Students will practice counting by 10s, 5s, and 1s in order to prepare for counting and adding the values of coins.
- Total Time: 0-45 minutes
- A Number Chart (1 to 100)
- Large paper penny, nickel, and dime
- Tell the students that today you will be playing a game to get them ready to be able to count with pennies, nickels, and dimes.
- Explain that the game is played like this: each student will count to 100 by the number of fingers you hold up. As they count, follow their words by pointing at the corresponding numbers on the number chart. As each student counts, hold up one, five, or ten fingers for them to count by.
- Continue this game with about half of your class, holding your fingers up in a different sequence for each student, in progressively more difficult (frequently-changing) sequences.
- Review the value of each coin.
- Change the rules of the game slightly. Instead of holding up fingers, hold up the paper penny, nickel, or dime to indicate sequence.
- Return to the game and have the remaining half of your class skip count by 10s, 5s, and 1s, but making the association between the coins and their values.
Differentiated Learning Options
- Allow extended time.
- Allow students to work in pairs.
Assess whether the students met the lesson objectives by noting whether the students were able to switch from counting by tens to fives, fives to ones, etc. and whether their smoothness improved by the end of the activity.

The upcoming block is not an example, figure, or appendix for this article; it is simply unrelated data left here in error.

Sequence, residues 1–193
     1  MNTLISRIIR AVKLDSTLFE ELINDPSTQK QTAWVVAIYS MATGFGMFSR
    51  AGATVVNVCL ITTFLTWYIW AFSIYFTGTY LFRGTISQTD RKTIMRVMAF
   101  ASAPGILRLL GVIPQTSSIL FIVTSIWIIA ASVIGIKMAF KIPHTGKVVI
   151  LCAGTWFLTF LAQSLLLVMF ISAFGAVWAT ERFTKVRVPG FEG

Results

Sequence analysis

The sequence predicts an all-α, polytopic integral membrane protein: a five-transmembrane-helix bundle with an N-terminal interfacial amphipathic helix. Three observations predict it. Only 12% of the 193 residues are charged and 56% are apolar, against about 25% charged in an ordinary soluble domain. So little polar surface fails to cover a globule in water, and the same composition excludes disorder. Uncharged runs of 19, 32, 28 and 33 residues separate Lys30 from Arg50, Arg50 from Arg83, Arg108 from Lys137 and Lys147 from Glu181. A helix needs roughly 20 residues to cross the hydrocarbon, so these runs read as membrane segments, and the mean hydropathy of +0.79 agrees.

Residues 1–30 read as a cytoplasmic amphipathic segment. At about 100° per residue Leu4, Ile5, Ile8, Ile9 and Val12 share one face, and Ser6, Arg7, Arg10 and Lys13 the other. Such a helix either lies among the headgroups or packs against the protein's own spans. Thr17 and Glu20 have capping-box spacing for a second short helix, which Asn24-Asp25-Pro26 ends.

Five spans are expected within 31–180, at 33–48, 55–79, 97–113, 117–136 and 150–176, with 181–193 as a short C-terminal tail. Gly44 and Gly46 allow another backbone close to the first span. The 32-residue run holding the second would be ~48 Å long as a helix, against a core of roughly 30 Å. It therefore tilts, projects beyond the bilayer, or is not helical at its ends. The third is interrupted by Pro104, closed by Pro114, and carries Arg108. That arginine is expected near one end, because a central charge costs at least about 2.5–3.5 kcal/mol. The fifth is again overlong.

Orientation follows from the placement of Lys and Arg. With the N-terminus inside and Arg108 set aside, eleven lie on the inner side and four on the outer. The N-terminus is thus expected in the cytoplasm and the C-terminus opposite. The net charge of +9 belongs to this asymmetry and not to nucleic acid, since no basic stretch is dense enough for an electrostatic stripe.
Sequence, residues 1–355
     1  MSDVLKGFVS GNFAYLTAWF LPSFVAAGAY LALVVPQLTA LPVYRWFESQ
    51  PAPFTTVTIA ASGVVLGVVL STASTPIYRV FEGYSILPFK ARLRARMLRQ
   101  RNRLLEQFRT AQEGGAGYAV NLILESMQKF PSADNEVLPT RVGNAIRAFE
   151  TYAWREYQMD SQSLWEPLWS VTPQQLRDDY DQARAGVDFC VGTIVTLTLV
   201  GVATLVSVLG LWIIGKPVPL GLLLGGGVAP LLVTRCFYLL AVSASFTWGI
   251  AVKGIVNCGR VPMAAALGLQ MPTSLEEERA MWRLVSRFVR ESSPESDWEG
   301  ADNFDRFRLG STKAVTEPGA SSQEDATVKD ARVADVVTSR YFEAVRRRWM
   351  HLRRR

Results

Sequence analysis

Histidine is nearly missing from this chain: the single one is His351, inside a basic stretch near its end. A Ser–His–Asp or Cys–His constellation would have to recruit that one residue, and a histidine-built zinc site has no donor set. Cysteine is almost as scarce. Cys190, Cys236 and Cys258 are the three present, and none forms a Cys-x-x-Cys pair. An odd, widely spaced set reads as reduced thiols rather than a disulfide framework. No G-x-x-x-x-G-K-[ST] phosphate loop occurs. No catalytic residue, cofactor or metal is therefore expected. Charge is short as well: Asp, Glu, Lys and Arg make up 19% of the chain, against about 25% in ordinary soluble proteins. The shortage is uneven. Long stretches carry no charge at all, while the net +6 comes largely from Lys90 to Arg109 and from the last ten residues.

Common Core Standards
Domain: K.CC Counting and Cardinality
Grade(s): Grade K
Cluster: Count to tell the number of objects
- K.CC.4. Understand the relationship between numbers and quantities; connect counting to cardinality.
- When counting objects, say the number names in the standard order, pairing each object with one and only one number name and each number name with one and only one object.
- Understand that the last number name said tells the number of objects counted. The number of objects is the same regardless of their arrangement or the order in which they were counted.
- Understand that each successive number name refers to a quantity that is one larger.
- K.CC.5. Count to answer "how many?" questions about as many as 20 things arranged in a line, a rectangular array, or a circle, or as many as 10 things in a scattered configuration; given a number from 1-20, count out that many objects.
Domain: K-2 Number and Operations
Cluster: Understand numbers, ways of representing numbers, relationships among numbers, and number systems.
Grade(s): Grades K–2
In K through grade 2 all students should
- count with understanding and recognize "how many" in sets of objects;
- use multiple models to develop initial understandings of place value and the base-ten number system;
- develop understanding of the relative position and magnitude of whole numbers and of ordinal and cardinal numbers and their connections;
- develop a sense of whole numbers and represent and use them in flexible ways, including relating, composing, and decomposing numbers;
- connect number words and numerals to the quantities they represent, using various physical models and representations; and
- understand and represent commonly used fractions, such as 1/4, 1/3, and 1/2.
Domain: All Connections
Cluster: Instructional programs from kindergarten through grade 12 should enable all students to
Grade(s): Grades K–2
- Recognize and use connections among mathematical ideas
- Understand how mathematical ideas interconnect and build on one another to produce a coherent whole
- Recognize and apply mathematics in contexts outside of mathematics